Driving in Ladakh takes light years to get from place to place. If our driver averaged 12 miles an hour, he was torking along. Out of Dha Hanu by 8:00a through the Aryan Valley, following the Indus River known as the cradle of civilization. Frequent stops to show permits before the slog up and over the Rhozen-la Pass at 4,100 meters/13,451 feet.
Through Barcha and into busy Kargil. Kargil is the second-largest town in Ladakh and lies halfway between Kashmir and the Indus Valley; primarily a transit point for travelers heading to Srinigar, Leh or Zanskar with decent guesthouses. Kargil was once an important staging post on the trade caravan route. The original itinerary called for a stay in Kargil tonight. However, the Muslim population was in a potential “kill Americans” mode over Osama bin Laden’s death and Lobsang didn’t want us to overnight here. All India hotels require intense documentation; passport, Indian Visa and permits so there would be no getting around the “American” label.
Kargil is the transfer area for passengers continuing into Zanskar. Goodbye to SkyWalker Travel’s driver, hello driver #2 who would take over until Padum where driver #3 would carry on from there. I told you it’s not easy to get to Zanskar. All vehicles from here on out were run by a Kargil Union. We pulled into a transfer point and the crew began unloading everything from our 4×4 into the new 4×4. It’s the luck of the draw what kind of vehicle you get and that includes good tires. Steve took one look at the tires on our new 4×4 and thought, “They’ll never make it.” Bald, areas with no tread, you get the drift. This Union operates like taxi lines outside an airport. The next vehicle in line gets the fare regardless of its working condition. That took quite a bit of time.
Loaded up once again we now had to drive 120 kilometers/80 miles to Rangdum plateau, halfway between Kargil and Padum. Rangdum is the highest inhabited region in the Suru valley. It wasn’t until Kargil that the really bad, excruciating, road journey into Zanskar began. A drive that will bring even strong men to their knees. Teeth rattling, bone jolting, knee-locking, whine…whine…whine.
We putted along at 12 miles per hour, Stanzin trying to take minds off knee/back pains with Ladakhi information. And, we did our best to enjoy the incredible scenery. Ladakh is dry, arid, mountainous and then along comes a pocket of green nourished by the Suru River.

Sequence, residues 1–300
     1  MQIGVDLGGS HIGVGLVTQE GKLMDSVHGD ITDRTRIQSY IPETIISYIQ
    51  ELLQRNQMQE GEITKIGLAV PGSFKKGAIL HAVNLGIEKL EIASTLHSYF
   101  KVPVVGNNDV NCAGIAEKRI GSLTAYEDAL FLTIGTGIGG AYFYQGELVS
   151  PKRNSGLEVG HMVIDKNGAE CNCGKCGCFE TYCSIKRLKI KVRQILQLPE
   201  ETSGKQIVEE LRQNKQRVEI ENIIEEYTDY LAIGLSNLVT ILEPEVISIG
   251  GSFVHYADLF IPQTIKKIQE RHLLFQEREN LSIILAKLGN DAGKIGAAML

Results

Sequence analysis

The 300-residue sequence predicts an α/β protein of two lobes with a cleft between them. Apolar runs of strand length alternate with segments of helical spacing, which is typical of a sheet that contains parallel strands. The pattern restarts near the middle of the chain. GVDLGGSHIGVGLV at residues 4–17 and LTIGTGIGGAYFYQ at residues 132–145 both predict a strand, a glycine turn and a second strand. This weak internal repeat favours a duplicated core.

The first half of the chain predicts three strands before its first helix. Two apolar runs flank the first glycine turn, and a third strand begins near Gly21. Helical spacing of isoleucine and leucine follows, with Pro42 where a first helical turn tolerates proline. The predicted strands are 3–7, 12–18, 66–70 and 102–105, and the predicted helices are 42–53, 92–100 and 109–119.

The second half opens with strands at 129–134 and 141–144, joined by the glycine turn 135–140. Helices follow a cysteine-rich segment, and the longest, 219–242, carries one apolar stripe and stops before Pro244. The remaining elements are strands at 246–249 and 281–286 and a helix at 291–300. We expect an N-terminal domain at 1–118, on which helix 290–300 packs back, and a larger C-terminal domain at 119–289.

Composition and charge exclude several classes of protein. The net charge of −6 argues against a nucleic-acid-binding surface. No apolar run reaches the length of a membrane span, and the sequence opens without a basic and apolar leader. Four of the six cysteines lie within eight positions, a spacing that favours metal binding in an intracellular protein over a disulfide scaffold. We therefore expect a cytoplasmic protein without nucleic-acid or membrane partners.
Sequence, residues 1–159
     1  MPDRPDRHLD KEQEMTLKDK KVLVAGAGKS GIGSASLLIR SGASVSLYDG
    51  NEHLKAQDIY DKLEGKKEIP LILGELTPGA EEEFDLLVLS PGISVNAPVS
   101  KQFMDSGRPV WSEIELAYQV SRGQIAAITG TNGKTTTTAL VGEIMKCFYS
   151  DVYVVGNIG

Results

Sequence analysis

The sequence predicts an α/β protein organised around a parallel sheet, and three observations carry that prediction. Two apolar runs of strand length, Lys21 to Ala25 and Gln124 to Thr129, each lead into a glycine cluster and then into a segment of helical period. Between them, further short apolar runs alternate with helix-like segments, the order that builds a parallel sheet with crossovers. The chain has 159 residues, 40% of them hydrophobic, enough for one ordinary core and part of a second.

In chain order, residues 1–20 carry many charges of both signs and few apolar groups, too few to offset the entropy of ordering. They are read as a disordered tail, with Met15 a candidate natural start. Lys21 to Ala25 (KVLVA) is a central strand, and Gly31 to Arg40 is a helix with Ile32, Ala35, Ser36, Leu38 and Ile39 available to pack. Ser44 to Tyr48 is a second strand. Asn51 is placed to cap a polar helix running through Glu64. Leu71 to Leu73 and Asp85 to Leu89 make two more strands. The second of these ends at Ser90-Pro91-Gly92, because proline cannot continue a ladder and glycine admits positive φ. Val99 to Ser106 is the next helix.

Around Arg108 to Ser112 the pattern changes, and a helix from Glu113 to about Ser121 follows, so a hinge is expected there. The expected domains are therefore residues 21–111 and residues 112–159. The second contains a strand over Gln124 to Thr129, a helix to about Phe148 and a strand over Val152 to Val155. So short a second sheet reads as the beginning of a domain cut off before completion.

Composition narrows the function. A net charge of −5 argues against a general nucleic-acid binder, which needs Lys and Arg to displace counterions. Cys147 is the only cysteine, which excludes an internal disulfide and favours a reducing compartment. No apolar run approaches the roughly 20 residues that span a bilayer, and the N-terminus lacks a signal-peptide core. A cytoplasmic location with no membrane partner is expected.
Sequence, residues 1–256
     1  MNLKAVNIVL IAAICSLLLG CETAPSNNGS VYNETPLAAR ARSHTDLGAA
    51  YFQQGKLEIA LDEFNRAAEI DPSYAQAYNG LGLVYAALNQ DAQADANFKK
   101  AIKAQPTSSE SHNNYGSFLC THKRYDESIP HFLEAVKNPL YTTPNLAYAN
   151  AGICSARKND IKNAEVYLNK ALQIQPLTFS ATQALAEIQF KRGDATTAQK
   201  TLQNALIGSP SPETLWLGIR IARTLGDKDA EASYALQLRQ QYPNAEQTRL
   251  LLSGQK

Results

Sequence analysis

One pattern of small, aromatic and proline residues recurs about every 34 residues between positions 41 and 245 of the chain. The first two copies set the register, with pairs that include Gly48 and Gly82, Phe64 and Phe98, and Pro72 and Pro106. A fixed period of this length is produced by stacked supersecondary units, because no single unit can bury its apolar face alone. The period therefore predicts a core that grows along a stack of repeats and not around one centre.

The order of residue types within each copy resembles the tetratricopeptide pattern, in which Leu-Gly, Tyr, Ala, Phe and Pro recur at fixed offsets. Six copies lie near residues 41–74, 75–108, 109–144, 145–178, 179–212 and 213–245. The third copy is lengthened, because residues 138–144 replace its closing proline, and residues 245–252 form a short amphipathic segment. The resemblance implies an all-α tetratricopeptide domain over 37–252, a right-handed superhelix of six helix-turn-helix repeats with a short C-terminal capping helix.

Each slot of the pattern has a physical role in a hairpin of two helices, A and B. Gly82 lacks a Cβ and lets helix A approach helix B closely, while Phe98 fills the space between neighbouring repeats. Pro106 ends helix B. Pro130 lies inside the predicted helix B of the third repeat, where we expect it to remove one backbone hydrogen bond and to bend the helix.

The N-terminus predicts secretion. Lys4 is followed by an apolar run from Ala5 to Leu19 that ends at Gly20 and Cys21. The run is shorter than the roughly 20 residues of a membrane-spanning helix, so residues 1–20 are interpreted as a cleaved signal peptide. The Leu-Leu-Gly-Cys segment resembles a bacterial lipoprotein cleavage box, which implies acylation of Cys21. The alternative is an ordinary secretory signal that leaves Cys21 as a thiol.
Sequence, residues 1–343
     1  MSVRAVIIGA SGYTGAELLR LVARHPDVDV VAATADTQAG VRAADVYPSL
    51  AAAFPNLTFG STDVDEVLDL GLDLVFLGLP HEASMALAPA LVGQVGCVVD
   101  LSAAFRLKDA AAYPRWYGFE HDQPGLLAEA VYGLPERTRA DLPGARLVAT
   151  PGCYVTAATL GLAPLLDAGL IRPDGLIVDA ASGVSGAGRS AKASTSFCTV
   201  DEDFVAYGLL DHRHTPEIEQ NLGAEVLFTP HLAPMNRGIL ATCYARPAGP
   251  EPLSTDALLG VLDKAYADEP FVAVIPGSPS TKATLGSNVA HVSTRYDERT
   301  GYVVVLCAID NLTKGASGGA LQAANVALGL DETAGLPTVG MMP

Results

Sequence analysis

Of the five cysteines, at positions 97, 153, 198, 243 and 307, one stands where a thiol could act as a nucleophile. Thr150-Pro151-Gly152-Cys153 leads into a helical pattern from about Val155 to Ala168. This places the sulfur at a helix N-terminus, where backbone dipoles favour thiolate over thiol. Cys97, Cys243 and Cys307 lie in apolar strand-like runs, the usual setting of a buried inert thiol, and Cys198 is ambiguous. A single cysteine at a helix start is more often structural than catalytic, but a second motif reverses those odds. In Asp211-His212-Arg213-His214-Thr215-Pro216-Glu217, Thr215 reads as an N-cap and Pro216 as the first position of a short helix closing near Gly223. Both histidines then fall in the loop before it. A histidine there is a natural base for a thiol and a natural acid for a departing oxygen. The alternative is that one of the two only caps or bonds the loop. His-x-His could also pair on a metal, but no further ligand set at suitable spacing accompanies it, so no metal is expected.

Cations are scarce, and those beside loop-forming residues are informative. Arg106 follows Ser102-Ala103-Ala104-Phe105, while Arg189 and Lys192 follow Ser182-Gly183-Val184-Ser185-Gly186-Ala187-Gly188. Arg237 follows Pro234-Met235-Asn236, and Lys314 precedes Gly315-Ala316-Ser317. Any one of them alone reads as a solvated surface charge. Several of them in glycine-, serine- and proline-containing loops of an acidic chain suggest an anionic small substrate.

– There are three separate areas in Ladakh – Zanskar, Nubra/Shyok Valleys and the area around Leh.
– The Suru and Zanskar valleys form a great trough enclosed by the Himalayas and the Zanskar range.
– The Suru Valley will rise to 4,400 meters/14,436 feet at Pensi-la pass tomorrow, the official gateway to Zanskar.
– Zanskar is only accessible between June and mid-October. Or take the popular winter Chaddar Trek on the frozen Zanskar River. A demanding, 15-day trek that is not for me!
Finally lunch at 2:30p along the Suru River with wonderful views of Nun-Kun massif. Nun is the higher of the two icy, pyramid peaks at 7135 meters/23,372 feet. Kun couldn’t be seen behind Nun, a little shorter at 7077 meters/23,218 feet. These mountains are a popular mountain climbing destination because of its accessibility from Kargil.
I really encourage you to watch the embedded video to see for yourselves what the journey into Zanskar was like. Another hour before I almost shouted, “Please stop the car. I have got to stretch my frozen legs.” Perhaps it was gut instinct but this turned out to be a perfect spot. Number one because women with flocks of goats, sheep and Dzo’s (an interbred half cow, half yak) were busily gathering turds for fuel. Number Two because one of the defective tires went flat. Steve was right all along. There was no way those decrepit tires could withstand the abominable road.
One tire down, three to go? By now, a quick death would have been a relief. Stanzin had good news. We had arrived at the Rangdum Plateau, our camping destination. Ten (I repeat, 10) agonizing car hours was over with approximately another eight to go tomorrow! No. We were “not there yet.” And what was even more pathetic, we’d have to make the same journey back from Zanskar.